Perceived pain in AIDS patients often linked to anxiety, depression
Perceived pain in AIDS patients is often associated with pain distress, anxiety and depression, according to a report in the December 2000 issue of AIDS Patient Care and STDs. These findings may help clinicians identify patients who are at increased risk of perceived pain, according to the study’s author, Dr. Mary Jane Rotheram-Borus, of the University of California at Los Angeles.
Dr. Rotheram-Borus collected data for 151 AIDS patients from in-home interviews that asked about symptoms, health status, utilization of medical services and emotional distress. The majority of patients were Latinos (42%), while 39% were African-Americans, 9% were non-Latino whites (9%) and 11% were from other racial or ethnic groups. Most of the participants, 83%, reported having AIDS-related pain within the previous 3 months. Joint and muscle pain was reported by 75%, numbness and pain in the extremities by 69%, headache by 68%, and nausea, vomiting and abdominal pain by 58%.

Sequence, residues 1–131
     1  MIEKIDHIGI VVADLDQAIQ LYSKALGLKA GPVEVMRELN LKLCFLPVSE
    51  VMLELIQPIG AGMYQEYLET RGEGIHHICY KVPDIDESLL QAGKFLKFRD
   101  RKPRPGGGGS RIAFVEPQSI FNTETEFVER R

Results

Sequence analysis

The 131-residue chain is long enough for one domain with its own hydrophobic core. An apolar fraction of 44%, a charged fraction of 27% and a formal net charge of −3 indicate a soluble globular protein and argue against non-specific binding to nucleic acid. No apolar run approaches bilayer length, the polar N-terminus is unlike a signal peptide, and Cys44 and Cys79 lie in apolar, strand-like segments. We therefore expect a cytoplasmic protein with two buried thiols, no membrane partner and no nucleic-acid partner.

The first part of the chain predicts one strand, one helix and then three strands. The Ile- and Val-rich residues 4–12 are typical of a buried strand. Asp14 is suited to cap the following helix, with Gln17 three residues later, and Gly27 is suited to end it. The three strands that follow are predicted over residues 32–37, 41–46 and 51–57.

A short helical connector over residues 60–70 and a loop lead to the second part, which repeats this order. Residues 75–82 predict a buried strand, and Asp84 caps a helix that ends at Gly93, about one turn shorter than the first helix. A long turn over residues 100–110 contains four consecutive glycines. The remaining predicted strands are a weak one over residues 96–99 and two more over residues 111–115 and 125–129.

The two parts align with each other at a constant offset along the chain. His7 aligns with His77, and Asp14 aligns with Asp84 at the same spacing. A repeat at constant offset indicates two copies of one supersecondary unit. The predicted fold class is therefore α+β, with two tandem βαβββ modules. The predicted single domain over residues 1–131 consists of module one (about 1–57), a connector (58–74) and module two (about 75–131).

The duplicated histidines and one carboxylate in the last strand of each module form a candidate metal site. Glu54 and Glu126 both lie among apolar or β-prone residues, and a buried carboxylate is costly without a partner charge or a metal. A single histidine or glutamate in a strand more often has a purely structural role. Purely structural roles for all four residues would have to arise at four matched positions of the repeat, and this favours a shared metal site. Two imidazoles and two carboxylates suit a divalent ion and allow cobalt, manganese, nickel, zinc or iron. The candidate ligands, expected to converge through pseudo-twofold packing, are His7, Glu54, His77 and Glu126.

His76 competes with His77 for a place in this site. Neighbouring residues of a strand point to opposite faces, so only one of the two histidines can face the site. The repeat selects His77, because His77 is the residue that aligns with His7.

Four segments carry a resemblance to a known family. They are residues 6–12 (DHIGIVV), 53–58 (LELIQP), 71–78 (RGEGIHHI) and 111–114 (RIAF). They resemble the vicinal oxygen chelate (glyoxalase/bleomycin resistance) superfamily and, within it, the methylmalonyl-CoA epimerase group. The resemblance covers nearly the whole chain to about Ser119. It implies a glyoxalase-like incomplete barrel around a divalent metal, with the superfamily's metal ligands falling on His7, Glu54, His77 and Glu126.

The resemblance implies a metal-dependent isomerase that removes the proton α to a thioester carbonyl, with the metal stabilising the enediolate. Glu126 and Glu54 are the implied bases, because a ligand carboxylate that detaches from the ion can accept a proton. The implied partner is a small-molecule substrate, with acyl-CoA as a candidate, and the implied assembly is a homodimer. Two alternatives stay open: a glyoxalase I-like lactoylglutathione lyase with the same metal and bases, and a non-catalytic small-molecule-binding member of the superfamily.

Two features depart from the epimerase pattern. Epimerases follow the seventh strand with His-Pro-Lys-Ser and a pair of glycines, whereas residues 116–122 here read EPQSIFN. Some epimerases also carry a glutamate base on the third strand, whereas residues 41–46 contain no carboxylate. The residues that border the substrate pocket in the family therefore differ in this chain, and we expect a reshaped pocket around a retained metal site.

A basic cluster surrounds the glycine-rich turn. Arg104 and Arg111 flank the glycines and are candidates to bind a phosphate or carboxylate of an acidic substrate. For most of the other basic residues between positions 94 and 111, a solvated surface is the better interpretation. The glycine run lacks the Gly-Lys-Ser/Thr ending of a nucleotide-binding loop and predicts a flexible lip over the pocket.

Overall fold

Dr. Rotheram-Borus found that emotional distress, depression and anxiety were all significantly associated with the number of pain symptoms. In addition, Latinos were more likely to report pain than were African-Americans. In multiple regression analysis, however, only higher levels of emotional distress and fewer months since AIDS diagnosis were significantly associated with the number of pain symptoms.
The inverse association between months since AIDS diagnosis and perceived pain was “surprising,” Dr. Rotheram-Borus points out. One possible explanation is that the higher level of perceived pain in an earlier disease stage stems from “a high level of stress associated with the event of diagnosis itself,” she suggests.
“Clinicians may identify groups of people living with AIDS at heightened risk of distress, depression and anxiety related to perceptions of pain,” Dr. Rotheram-Borus writes. She notes that “subgroups of patients varying in perceived pain may lead providers to manage pain in very different ways in these clinical practices.”
Ref: AIDS Patient Care and STDs 2000; 14:659-664.
Source: Reuters Health